Short selling, which is essentially the act of betting on a drop in the price of a stock or asset, is only as dangerous as the size and scope of the gamble itself. Many investors build their entire careers on short selling – look at George Soros and his still-infamous wager that cost the Bank of England nearly $1 billion – while just as many others have lost their shirts on similar ventures. At the end of the day, short selling is truly playing with fire – it can be a successful act, if done correctly.
Depending on who you ask, there are a few inherent dangers involved with short selling that have to be reconciled. First and foremost, it's easy to assume that all agents in a given market are rational actors. This is fundamentally incorrect. Human beings are more than capable of severe irrationality, and this is acutely true for today's stock market. The slightest whisper of a doubt regarding a company's future health or development can send major stakeholders screaming toward the exits, leading to a precipitous drop in price that may wipe people out for good. On the other hand, rumors of a new product or service that will increase that firm's value can drive investors to pile in, thereby shooting the stock price up. It's these market movements that make short selling so complicated, which is why many experts recommend that novice short-sellers look for low-volatility opportunities.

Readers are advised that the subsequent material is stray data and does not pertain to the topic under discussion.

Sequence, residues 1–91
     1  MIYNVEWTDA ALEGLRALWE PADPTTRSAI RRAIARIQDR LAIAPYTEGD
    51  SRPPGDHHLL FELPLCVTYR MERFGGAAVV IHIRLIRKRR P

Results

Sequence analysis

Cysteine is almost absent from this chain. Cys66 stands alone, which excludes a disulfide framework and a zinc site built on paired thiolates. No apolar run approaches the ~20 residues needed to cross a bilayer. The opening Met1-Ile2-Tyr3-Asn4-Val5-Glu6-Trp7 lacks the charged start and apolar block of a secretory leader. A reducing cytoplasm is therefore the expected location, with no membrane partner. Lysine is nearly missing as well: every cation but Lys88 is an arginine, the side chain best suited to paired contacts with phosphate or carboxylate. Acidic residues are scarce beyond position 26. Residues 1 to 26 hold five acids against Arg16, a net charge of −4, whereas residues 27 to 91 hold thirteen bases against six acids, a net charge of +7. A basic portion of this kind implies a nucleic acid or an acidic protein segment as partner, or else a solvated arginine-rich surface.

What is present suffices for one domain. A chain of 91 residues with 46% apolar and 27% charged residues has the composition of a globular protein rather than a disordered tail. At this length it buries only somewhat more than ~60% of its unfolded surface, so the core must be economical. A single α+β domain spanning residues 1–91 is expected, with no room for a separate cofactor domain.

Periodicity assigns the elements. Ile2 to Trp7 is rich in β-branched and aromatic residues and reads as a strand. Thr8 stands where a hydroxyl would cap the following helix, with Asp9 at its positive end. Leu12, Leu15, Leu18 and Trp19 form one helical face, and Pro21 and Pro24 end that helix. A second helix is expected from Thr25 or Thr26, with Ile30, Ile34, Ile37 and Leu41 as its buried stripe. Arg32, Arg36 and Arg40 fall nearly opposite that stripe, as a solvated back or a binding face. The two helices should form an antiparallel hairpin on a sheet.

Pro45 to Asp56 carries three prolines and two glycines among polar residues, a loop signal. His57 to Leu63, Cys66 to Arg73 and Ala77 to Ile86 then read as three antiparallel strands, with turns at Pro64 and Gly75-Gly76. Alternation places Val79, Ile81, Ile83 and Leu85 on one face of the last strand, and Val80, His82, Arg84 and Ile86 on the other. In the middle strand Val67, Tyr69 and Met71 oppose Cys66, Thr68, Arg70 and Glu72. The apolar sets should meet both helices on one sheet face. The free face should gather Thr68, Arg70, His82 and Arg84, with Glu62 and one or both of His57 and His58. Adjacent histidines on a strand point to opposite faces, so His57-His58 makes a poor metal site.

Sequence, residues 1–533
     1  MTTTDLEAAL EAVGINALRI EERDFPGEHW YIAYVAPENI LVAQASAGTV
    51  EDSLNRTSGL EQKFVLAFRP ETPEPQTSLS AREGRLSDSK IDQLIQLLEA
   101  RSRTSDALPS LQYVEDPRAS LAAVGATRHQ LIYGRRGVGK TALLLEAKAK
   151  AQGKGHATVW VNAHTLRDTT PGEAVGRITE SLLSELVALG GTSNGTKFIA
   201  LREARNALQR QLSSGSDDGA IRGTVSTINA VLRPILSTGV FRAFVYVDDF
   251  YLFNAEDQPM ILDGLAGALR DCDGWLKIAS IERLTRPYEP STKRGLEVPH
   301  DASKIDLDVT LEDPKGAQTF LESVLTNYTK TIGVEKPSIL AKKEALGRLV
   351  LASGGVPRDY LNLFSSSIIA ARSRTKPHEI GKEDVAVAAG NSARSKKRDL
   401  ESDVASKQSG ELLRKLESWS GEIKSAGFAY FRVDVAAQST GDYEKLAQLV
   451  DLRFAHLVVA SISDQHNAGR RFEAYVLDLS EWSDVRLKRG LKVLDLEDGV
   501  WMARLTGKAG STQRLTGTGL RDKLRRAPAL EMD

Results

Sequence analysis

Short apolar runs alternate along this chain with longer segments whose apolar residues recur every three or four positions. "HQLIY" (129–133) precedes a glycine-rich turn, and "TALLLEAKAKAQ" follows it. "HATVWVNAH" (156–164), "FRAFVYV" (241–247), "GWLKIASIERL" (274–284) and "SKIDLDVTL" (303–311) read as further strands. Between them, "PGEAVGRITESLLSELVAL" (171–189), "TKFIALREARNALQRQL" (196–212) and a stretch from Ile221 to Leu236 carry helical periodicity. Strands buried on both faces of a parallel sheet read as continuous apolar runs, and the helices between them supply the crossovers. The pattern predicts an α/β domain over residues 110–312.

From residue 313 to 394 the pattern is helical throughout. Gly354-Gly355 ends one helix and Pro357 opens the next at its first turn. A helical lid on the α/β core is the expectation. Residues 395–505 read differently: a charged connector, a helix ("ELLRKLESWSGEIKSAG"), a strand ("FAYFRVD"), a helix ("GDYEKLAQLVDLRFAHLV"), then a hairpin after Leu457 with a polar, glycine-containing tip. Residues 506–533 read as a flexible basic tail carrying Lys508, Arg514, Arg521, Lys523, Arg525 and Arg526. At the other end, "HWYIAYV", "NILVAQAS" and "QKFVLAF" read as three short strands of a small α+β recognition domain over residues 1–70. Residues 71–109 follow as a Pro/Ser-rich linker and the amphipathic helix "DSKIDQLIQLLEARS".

Travis Hoium of The Motley Fool wrote recently that bets that seem sure-fire can fizzle out unexpectedly, thereby setting up investors for a bad day if they didn't do their homework correctly. Seasoned investors know that, if they decide to take this path, they need to engage in proper investigation to ensure that their call is on the mark.
One way of doing so is to utilize SmartStops, which are portfolio management tools capable of showing you how inherent risk levels can effect market performance. For example, SmartStops Risk Signals depict up and down rotations in price over a predetermined time cycle, allowing you to make more informed decisions based on where a stock price may be heading. Contact us today or explore our site further to learn more!
Categories: Risk Management, Trading & Portfolio Strategies